Before you make any changes to your diet, it’s important to choose a plan that works for you. One that fits around your lifestyle, is realistic, sustainable and helps you to lose weight safely and healthily. Here are a few things you may wish to consider about intermittent fasting.
Fasting versus continuous calorie restriction
There’s no evidence that intermittent fasting is better for losing weight than eating slightly fewer calories every day. In order to lose weight, the main thing that counts is that your body experiences a shortage of energy (calories) by the end of the week. Both approaches should help you to achieve this. But for some people, reducing calorie intake significantly on just one or two days a week, rather than by a little every day, might seem more manageable.
A balanced diet
When it comes to intermittent fasting, there’s no focus on completely cutting out particular food groups. There’s no need to increase certain food groups either, which may appeal to you. However, if you’re eating less, you’ll need to make sure the meals you do eat have all the nutrients you need to stay healthy and avoid missing out on essential vitamins and minerals.
On the days when you’re not fasting, it’s important not to overcompensate and overeat. If you overeat during your allocated eating periods, chances are you’ll tip the balance of calories in versus calories out back in the other direction. So normal eating days or times should be nutritionally balanced to ensure there’s still a caloric deficit in your body by the end of the week.
Reducing how much you eat by a large amount can sometimes lead to feelings of hunger, irritability, poor concentration, tiredness, headaches or dizziness. So it might not be easy to stick to intermittent fasting in the long term.
Many studies report that being able to stick to a weight loss plan in the long run has a greater effect on overall weight loss. But alot of the research on intermittent fasting is based on short-term studies. So it’s unclear if intermittent fasting can help you to lose weight and keep it off long term. It’s also hard to determine which method is most effective and if there’s an optimum number of calories to eat when you’re fasting. So more long-term studies, including those looking at the effect on overall health and not just weight loss, are needed.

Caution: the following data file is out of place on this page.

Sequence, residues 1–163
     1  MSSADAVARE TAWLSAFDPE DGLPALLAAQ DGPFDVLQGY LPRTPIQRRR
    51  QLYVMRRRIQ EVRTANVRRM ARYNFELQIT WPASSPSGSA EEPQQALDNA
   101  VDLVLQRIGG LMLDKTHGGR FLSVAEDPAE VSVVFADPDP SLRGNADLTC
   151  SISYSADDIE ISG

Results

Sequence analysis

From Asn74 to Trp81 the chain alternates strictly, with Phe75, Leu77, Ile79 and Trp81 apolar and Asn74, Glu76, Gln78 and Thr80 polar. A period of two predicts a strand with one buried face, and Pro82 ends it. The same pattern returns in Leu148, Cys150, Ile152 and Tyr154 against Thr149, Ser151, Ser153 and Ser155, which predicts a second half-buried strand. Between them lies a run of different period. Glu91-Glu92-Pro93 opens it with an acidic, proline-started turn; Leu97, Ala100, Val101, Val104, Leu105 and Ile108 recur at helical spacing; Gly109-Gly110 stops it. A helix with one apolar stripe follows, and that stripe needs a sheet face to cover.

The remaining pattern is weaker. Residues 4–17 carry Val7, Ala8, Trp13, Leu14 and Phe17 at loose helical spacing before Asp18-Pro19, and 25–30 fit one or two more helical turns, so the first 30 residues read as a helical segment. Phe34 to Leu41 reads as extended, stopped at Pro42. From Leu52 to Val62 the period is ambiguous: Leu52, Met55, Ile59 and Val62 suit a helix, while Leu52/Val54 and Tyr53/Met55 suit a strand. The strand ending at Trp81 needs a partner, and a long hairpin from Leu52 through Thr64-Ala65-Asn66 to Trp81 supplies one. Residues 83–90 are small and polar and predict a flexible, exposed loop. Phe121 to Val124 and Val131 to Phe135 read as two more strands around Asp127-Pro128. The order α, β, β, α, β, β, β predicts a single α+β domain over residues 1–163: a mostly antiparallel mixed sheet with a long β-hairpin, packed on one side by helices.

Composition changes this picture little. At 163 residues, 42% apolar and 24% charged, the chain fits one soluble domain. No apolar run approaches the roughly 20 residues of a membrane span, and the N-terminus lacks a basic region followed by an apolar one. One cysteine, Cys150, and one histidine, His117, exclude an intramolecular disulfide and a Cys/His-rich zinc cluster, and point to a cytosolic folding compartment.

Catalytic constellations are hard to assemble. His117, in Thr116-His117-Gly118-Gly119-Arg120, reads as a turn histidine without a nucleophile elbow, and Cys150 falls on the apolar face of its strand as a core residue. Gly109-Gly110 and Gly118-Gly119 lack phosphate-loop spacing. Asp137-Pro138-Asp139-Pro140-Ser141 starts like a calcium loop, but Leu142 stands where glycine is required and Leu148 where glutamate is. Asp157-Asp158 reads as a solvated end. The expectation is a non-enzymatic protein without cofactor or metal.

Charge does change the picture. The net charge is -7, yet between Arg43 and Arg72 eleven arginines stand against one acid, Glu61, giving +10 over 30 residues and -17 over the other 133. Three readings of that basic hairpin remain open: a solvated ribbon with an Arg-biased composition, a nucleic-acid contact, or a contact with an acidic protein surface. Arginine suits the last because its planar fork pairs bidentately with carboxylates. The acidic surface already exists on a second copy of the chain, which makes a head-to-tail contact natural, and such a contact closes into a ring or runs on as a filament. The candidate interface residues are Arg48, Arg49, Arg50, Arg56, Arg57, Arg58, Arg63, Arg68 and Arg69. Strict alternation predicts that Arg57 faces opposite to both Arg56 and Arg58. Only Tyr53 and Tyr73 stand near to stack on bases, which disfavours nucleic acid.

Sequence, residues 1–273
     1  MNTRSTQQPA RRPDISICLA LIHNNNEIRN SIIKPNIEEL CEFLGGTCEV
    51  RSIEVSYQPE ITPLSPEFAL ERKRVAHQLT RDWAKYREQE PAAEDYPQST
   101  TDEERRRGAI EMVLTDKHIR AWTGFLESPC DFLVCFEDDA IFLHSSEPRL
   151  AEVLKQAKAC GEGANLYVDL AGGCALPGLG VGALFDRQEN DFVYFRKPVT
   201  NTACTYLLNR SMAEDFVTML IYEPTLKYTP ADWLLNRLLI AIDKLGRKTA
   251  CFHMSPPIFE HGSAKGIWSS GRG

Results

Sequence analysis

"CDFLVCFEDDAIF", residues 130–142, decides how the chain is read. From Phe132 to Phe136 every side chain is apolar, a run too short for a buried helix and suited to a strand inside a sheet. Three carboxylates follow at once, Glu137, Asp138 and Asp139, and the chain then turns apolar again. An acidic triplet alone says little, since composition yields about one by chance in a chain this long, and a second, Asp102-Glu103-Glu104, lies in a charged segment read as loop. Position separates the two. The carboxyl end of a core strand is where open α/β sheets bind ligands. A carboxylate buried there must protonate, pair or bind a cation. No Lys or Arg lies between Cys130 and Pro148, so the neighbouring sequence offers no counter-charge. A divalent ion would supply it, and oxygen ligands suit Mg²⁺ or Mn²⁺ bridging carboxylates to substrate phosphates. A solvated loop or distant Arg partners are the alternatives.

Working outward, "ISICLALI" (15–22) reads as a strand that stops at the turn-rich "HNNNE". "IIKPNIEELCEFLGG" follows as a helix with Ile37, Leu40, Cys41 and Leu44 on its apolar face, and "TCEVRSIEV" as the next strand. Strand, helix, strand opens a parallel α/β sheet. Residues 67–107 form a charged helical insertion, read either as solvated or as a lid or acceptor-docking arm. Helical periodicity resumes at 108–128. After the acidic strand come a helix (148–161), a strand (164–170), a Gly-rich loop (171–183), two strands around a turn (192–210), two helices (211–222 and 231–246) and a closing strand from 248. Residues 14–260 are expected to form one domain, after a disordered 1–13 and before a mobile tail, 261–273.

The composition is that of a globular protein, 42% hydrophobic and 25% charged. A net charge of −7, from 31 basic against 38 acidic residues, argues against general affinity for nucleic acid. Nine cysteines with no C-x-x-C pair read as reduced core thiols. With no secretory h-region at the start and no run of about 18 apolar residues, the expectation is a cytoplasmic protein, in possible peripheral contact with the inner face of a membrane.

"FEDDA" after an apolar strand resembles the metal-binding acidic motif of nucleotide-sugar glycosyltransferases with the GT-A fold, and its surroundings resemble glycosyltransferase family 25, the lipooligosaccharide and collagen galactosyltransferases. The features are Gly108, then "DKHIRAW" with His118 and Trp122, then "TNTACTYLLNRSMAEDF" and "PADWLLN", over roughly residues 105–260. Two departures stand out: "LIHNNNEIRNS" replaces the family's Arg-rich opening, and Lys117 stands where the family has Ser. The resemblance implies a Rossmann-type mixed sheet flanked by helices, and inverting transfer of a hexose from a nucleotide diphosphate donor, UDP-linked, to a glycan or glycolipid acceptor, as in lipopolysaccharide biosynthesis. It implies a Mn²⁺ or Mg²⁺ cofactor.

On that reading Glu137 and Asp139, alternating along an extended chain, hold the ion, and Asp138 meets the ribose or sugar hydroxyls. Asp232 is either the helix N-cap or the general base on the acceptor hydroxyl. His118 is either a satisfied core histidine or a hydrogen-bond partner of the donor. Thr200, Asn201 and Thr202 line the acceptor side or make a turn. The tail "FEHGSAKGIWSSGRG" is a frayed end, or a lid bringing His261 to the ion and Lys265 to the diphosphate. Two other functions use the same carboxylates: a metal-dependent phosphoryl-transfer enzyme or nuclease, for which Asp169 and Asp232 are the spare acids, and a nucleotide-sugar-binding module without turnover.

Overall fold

Is intermittent fasting suitable for you?
Fasting isn’t appropriate for everyone. For example if you’re pregnant, have a history of eating disorders or have certain medical conditions such as diabetes. Both the National Institute for Health and Care Excellence and the British Dietetic Association recommend that very low calorie diets such as these should only be done under the supervision of a medical professional. Speaking to your GP or a qualified Dietitian is a good place to start. They can help you decide on the right plan for you and your health.
Here’s what Bupa Dietitian Rachael Eden had to say about intermittent fasting:
“Intermittent fasting definitely has its place for some, particularly those who find applying moderation to their diet, such as to portion size and frequency, more difficult. Many find that it’s less restrictive than trying to eat less calories on all days of the week. What’s really important to bear in mind however, is that non-fasting days are still meant to be healthy eating days. Planning ahead is important for success on fasting days. Try looking up some low calorie recipes to keep fasting days interesting and keep you feeling as full as possible.
"Although many methods of intermittent fasting may now exist, it’s worth noting that the 5:2 Diet was in fact adapted from an evidence-based diet known as the 2-Day Diet. The 2-Day Diet involves reducing your carbohydrate intake on two days of the week, followed by nutritionally balanced meals on the other five days of the week. So for anyone thinking about trying intermittent fasting, I’d recommend looking at the information around the original diet first.”